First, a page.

When an Alabama tenant violates a term of the lease—such as having a pet in violation of a no-pets policy—the landlord must give the tenant a seven-day notice to cure (fix the problem) or quit (move out). If the tenant does not fix the problem or move out within those seven days, the landlord can sue. See State Laws on Termination for Violation of Lease for the relevant statutes.
Alabama landlords can give tenants a seven-day unconditional quit notice (meaning that the tenant does not have the chance to remedy the problem) when tenants:
See State Laws on Unconditional Quit Terminations for the relevant statutes.
In all states, even in the absence of a statute, landlords can enter a rental without giving notice in order to deal with a true emergency (an imminent and serious threat to health, safety, or property); and when the tenant has abandoned the property (left for good). Alabama law also addresses when and how landlords can enter rental property in non-emergency situations.
Alabama landlords must give two days' notice and can enter only at reasonable times.
Alabama law does not specify that notice must be in writing. However, Alabama law does provide that notice can be given by posing on the main door of the rental a note that states the intended time and purpose of the entry.
Several other landlord-tenant laws might affect both property owners and renters in Alabama, including:
No. Alabama does not have statewide rent control, nor does it allow cities or counties to enact their own rent control laws.
No. Under Alabama law, a lease or rental agreement cannot require the tenant to pay the landlord's attorneys' fees or costs of collection.
If you want to read the text of a law itself, such as state security deposit rules, start by checking citations for Alabama landlord-tenant statutes. To access the statutes themselves, see the state section of the Library of Congress's legal research site. You can search the table of contents for the landlord-tenant statutes. Or, if you don't know the exact statute number, you can enter a keyword that is likely to be in it, such as “nonpayment of rent.” You'll find citations for many of the specific statutes themselves in the relevant Alabama articles (see links, above) on the Nolo site.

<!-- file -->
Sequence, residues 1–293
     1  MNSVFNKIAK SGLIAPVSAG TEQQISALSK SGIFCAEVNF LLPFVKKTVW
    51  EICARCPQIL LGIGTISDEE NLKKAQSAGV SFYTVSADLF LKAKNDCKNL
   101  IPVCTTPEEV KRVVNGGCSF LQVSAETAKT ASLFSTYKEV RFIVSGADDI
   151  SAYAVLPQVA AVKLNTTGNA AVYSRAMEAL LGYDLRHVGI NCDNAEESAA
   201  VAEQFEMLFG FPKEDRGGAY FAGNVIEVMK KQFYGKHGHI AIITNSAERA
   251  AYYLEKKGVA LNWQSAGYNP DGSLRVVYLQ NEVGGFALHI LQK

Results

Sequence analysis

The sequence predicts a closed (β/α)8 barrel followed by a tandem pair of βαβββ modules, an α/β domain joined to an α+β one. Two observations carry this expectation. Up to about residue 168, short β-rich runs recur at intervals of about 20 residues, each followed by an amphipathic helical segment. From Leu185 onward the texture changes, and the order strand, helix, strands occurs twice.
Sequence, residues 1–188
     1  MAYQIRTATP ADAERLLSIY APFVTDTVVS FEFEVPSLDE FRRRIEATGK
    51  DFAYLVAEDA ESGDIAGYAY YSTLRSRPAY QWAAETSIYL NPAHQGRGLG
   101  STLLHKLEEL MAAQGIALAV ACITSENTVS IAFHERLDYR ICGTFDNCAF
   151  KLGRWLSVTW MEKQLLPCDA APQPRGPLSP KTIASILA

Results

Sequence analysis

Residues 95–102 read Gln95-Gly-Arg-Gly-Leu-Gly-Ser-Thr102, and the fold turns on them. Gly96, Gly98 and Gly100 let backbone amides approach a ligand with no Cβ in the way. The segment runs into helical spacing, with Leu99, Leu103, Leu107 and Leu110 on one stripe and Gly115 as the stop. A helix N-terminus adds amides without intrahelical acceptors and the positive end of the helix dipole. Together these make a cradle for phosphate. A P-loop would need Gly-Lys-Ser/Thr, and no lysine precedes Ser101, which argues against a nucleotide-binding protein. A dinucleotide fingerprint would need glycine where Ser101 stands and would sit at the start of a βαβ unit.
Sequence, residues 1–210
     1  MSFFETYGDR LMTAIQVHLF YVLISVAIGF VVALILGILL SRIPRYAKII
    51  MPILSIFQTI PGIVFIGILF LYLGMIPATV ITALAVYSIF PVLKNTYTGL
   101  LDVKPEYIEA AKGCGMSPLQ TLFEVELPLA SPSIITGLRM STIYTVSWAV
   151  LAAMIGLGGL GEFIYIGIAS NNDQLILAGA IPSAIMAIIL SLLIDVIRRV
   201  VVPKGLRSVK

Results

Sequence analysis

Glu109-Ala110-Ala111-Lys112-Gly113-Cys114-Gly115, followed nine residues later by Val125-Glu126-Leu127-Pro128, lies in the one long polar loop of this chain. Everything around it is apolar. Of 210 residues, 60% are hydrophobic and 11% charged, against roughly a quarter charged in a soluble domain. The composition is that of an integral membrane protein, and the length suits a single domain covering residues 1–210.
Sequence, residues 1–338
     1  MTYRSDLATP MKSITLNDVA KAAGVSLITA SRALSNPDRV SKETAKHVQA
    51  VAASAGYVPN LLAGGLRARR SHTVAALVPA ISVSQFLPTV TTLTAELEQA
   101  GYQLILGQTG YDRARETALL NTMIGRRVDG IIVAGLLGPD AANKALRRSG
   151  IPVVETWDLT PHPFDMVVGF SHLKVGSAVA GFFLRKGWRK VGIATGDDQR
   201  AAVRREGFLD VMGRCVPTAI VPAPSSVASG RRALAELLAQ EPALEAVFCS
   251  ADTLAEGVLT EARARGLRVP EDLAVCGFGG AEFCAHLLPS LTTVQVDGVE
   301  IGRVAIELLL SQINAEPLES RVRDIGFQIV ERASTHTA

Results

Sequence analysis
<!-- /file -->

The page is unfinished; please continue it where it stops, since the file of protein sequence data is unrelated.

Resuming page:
Cities and counties often pass local ordinances, such as health and safety standards, noise and nuisance regulations, and anti-discrimination rules that affect landlords and tenants. Many municipalities have websites—just search for the name of a particular city in Alabama and then do a search when you're on the site.
State and Local Government on the Net and Municode (click on “Code Library” in the main menu) are good sources for finding local governments online. Also, your local public library or office of the city attorney, mayor, or city or county manager can provide information on local ordinances that affect landlords and tenants in Alabama.
Congress and federal agencies, such as the U.S. Department of Housing and Urban Development (HUD) and the U.S. Environmental Protection Agency (EPA), have enacted laws and regulations that apply to the landlord-tenant relationship in Alabama. These laws and regulations address topics such as discrimination and landlord responsibilities to disclose environmental health hazards, such as lead-based paint.
The U.S. Code is the starting place for most federal statutory research. It consists of 53 separate numbered titles, each covering a specific subject matter. Most federal regulations are published in the Code of Federal Regulations (“CFR”). To access the U.S. Code and Code of Federal Regulations online, see the federal section of the Library of Congress's legal research site.
For more information on legal research, check out Legal Research: How to Find & Understand the Law, by Stephen Elias (Nolo). This nontechnical book gives easy-to-use, step-by-step instructions on how to find legal information.
You'll also find a wealth of information in Nolo's landlord-tenant books.
The following types of living arrangements are not covered by Alabama's residential landlord-tenant laws: